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diabetes mellitus

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Fifty-four-year-old Everette Ray Roberts was one of an estimated 69,000 West Virginians who have diabetes, but don't know it.

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For four hours, Bill Hall used to lie on a padded vinyl recliner, one arm stretched out, two thick needles sticking out of it. One needle drained the blood from his body. The other put it back.

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West Virginia has the nation's worst statistics in 10 of 12 categories in the new 2011 Gallup Healthways ranking. More than one in three West Virginians -- 35.3 percent -- are now obese.

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”We want to help get it right,” states diabetes advocacy group

Picture of Gary Schwitzer

Continued miscommunication about findings from observational studies is drawing continued criticism from a growing number of observers. Journalists: observe and learn.

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Diabetes among African-American adults has reached epidemic proportions. Healthy Bodies, Healthy Souls -- an innovative public health program in Baltimore -- is going after the problem by connecting with people where they pray.

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Until the 1980s, few West Virginians are overweight in archival photos. In the 1960s and 1970s, during the poverty war, Americans got used to seeing pictures of bone-thin West Virginians on the evening news. Only 13.4 percent of Americans were obese then.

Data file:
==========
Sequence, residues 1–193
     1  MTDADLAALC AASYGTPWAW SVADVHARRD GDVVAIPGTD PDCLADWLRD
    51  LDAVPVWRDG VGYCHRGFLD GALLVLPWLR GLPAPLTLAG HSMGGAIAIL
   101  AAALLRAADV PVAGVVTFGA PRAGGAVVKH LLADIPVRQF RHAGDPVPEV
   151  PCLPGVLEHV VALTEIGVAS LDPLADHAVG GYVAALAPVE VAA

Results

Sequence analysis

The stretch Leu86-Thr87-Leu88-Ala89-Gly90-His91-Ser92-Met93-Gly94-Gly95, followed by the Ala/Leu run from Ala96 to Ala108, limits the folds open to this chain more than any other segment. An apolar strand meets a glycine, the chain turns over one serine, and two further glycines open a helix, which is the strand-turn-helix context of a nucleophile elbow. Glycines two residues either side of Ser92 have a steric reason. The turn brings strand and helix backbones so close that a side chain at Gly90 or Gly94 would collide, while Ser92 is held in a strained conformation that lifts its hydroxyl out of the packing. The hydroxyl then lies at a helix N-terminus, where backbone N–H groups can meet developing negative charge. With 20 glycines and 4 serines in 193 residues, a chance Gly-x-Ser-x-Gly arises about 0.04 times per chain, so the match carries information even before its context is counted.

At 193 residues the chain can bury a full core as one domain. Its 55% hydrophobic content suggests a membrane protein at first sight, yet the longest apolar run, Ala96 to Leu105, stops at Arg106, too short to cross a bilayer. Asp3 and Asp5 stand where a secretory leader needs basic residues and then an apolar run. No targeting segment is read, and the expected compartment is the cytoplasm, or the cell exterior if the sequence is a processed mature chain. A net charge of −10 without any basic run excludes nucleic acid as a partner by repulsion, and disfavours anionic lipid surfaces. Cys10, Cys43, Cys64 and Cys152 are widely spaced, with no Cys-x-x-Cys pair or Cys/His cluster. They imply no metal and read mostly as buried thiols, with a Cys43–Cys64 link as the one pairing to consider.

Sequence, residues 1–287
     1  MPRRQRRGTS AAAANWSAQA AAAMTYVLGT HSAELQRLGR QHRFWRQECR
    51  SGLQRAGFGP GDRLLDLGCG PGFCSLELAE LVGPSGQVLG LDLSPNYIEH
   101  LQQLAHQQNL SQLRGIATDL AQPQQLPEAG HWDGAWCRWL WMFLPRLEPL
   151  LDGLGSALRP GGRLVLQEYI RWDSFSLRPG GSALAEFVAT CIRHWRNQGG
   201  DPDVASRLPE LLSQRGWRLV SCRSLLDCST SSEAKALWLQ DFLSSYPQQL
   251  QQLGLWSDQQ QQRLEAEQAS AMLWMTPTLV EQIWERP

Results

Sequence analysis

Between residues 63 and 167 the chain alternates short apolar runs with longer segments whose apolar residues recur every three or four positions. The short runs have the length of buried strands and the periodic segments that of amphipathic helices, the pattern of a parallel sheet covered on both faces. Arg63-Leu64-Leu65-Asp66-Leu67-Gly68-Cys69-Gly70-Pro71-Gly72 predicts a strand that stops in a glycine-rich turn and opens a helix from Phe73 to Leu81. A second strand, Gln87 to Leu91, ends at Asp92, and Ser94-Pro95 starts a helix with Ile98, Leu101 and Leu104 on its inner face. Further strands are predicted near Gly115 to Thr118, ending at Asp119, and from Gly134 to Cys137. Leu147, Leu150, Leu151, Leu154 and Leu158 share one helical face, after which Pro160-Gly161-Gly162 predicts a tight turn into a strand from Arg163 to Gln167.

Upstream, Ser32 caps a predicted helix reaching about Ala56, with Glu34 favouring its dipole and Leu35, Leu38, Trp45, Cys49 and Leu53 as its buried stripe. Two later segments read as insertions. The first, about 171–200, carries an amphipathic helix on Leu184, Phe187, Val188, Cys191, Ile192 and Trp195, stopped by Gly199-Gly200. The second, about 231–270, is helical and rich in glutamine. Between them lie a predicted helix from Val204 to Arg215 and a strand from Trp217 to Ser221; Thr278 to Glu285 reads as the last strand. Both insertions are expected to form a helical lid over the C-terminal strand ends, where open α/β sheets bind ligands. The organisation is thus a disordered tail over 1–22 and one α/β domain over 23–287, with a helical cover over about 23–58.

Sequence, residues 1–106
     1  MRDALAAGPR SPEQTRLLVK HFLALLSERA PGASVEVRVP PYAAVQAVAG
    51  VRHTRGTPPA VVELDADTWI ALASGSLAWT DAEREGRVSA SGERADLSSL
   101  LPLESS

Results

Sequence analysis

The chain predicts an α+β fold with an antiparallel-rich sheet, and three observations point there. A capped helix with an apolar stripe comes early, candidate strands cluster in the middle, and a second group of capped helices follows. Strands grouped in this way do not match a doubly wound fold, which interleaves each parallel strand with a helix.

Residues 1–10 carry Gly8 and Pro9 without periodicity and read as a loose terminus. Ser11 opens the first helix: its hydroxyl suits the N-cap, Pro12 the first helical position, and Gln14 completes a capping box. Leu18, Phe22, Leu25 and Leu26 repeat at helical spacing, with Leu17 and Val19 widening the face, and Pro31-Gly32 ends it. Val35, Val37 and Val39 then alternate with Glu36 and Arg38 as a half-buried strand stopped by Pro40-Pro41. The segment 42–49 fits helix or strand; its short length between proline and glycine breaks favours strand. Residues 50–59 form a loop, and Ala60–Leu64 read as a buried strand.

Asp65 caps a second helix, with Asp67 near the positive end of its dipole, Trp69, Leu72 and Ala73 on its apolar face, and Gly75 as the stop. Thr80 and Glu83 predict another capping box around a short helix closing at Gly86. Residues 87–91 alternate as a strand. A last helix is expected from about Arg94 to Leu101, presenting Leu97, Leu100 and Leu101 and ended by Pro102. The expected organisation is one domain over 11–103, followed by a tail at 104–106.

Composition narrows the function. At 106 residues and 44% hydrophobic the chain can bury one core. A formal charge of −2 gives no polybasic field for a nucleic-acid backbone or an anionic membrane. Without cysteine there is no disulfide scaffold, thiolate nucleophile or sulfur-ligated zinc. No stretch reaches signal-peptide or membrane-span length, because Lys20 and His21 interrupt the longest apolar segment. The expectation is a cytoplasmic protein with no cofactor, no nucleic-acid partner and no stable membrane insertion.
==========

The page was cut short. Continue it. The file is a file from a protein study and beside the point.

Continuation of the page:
Picture of Kate Long

West Virginia occupies a top slot on almost every awful health ranking: diabetes, heart disease, stroke, kidney disease and others.

Picture of Kate Long

West Virginia is among the top five states on just about every national chronic disease list. Journalist Kate Long investigates what's behind the state's poor showing.

Picture of Eddie North-Hager

While obesity is a problem for Americans in all walks of life, it’s worse when you don’t live near a park, when access to public transportation is limited, when sidewalks are broken and streetlights are few. In fact, a National Institutes of Health study found that just living in a socioeconomically deprived area leads to weight gain and a greater risk of dying at an early age. In stark terms, people in Culver City live an average of eight years longer than people in Jefferson Park, according to Crump. Yet these two communities in the middle of Los Angeles are only a couple of miles apart.

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